18 What defences may be raised to allegations of abuse of dominance?

The chances of success of certain defences, and what constitutes a defence depend heavily on the circumstances of each case. It is also possible to invoke efficiency gains, so long as it can be adequately demonstrated that the pro-competitive benefits outweigh the anti-competitive impact.

Specific forms of abuse

19 Price and non-price discrimination

Both price and non-price discrimination may amount to an abusive conduct under article 6. The Board has in the past found incumbent undertakings to have infringed article 6 by engaging in discriminatory behaviour concerning prices and other trade conditions (see eg, TTAS¸, 2 October 2002, 02-60/755-305).

20 Exploitative prices or terms of supply

Exploitative prices or terms of supply may be deemed to be an infringement of article 6, although the wording of the law does not contain a specific reference to this concept. The Board condemned excessive or exploitative pricing by dominant firms in the past (see eg, TTAS¸, 2 October 2002, 02-60/755-305). That said, complaints on this basis are frequently dismissed by the Competition Authority because of their welcomed reluctance to micro-manage pricing behaviour.

21 Rebate schemes

While article 6 does not refer to rebate schemes as a specific form of abuse, rebate schemes may also be deemed to constitute an abuse. To date, no article 6 cases involved a finding of infringement concerning rebate schemes.

22 Predatory pricing

Predatory pricing may amount to a form of abuse, as evidenced by many precedents of the Competition Board (see eg, TTNet, 9 October 2007, 07-59/676-235; Coca Cola, 23 January 2004, 04-07/75-18). That said, complaints on this basis are frequently dismissed by the Competition Authority due to their welcomed reluctance to micro-manage pricing behaviour. Quite high standards are observed for bringing forward predatory-pricing claims.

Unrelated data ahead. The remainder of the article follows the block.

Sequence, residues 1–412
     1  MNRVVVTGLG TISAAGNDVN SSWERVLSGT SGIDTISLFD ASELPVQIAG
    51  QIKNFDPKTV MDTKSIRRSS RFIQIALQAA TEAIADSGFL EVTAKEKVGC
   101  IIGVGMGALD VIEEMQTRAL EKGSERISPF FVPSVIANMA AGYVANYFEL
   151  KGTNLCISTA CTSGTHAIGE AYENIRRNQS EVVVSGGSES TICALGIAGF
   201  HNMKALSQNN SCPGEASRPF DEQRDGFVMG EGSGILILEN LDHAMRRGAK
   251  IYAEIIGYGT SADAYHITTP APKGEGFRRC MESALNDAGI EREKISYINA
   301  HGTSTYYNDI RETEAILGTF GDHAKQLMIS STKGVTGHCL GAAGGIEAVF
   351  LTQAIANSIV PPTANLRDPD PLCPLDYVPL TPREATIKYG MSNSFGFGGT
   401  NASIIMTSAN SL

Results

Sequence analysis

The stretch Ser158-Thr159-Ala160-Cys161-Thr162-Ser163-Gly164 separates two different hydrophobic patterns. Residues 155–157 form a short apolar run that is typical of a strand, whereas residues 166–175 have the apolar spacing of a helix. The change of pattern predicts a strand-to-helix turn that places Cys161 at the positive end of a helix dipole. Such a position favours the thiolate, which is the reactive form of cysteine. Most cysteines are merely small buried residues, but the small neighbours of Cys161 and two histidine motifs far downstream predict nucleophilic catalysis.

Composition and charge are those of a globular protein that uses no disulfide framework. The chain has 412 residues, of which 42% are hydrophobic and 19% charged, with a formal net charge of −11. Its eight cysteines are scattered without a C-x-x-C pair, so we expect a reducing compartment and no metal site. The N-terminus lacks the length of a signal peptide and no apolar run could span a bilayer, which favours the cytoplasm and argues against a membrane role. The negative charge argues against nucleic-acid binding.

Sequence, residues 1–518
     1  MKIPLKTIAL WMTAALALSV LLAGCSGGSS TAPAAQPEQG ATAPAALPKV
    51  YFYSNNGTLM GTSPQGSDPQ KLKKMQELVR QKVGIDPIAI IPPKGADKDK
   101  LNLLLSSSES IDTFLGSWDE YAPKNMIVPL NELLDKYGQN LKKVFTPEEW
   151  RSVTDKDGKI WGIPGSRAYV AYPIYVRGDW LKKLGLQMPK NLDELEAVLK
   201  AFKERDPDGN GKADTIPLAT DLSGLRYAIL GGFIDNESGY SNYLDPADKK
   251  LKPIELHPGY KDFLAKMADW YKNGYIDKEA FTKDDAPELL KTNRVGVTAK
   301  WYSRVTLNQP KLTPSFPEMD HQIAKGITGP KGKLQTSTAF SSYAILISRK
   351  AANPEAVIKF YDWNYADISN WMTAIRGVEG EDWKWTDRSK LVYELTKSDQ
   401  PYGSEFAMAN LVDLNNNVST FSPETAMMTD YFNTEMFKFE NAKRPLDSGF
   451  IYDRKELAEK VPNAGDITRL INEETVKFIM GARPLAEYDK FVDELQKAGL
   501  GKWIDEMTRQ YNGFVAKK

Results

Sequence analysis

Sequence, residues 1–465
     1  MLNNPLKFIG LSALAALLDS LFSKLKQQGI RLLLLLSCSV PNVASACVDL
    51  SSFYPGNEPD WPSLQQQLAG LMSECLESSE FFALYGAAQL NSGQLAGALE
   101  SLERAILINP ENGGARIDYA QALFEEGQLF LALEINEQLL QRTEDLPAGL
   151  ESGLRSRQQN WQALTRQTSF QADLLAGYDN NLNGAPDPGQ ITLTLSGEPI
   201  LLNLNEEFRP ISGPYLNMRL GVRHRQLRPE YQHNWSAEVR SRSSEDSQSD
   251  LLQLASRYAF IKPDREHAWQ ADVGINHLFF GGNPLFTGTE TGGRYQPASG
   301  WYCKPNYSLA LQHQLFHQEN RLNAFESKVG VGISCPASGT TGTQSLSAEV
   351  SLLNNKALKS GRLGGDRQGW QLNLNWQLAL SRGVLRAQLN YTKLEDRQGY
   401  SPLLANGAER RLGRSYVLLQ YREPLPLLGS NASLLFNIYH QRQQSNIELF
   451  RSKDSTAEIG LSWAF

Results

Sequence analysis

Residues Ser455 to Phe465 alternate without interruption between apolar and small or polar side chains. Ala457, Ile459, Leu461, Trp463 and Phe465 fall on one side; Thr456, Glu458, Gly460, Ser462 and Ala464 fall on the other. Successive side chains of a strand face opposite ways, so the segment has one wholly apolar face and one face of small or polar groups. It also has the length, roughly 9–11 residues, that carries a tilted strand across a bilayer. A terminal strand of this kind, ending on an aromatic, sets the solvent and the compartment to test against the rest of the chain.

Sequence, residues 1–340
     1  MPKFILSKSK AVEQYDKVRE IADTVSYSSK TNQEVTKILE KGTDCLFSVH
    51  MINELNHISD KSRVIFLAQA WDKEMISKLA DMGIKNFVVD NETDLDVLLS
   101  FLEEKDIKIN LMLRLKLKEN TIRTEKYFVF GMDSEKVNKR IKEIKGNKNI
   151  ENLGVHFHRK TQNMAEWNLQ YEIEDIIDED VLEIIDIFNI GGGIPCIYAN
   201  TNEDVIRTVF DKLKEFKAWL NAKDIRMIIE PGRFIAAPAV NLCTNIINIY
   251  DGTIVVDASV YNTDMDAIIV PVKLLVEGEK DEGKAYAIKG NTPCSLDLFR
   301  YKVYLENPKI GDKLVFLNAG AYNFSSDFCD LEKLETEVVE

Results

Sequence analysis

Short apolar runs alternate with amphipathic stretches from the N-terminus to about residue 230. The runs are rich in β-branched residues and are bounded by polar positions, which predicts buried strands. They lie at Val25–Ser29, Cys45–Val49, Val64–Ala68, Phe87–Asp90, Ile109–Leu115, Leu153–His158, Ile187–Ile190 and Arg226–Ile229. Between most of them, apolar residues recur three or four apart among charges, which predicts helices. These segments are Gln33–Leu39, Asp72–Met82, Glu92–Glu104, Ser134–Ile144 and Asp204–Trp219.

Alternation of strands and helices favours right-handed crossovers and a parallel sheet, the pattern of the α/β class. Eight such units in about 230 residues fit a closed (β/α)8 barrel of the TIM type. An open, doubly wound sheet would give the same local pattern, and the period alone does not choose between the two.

23 Price squeezes

Price squeezes may amount to a form of abuse in Turkey. The Board is known to scrutinise closely allegations of price squeezing (see, eg, TTNet 19 November 2008, TTNet, 9 October 2007, 07-59/676-235; Doğan Dağıtım, 9 October 2007, 07–78/962–364; Türk Telekom, 19 October 2004, 04-66/956-232).

24 Refusals to deal and access to essential facilities

Refusals to deal and access to essential facilities are common forms of abuse, and the Competition Authority is very familiar with this type of abuse (see, eg, POAS¸, 20 November 2001, 01-56/554-130; Ak-Kim, 4 December 2003, 03-76/925-389; Çukurova Elektrik, 10 November 2003, 03-72/874-373).

25 Exclusive dealing, non-compete provisions and single branding

Exclusive dealing, non-compete provisions and single branding are normally dealt with under article 4 of Law No. 4054 (restrictive agreements, concerted practices and decisions of trade associations). On that note, the recently revised version of Block Exemption Communiqué No. 2002/2 on Vertical Agreements no longer exempts exclusive vertical supply agreements of an undertaking holding a market share above 40 per cent. Therefore, a dominant undertaking is now an unlikely candidate to engage in non-compete provisions and single branding arrangements. There have also been cases in the past where the Competition Board found an infringement of article 6 on the basis of exclusive dealing arrangements (see, eg, Karbogaz, 23 August 2002, 02-49/634-257).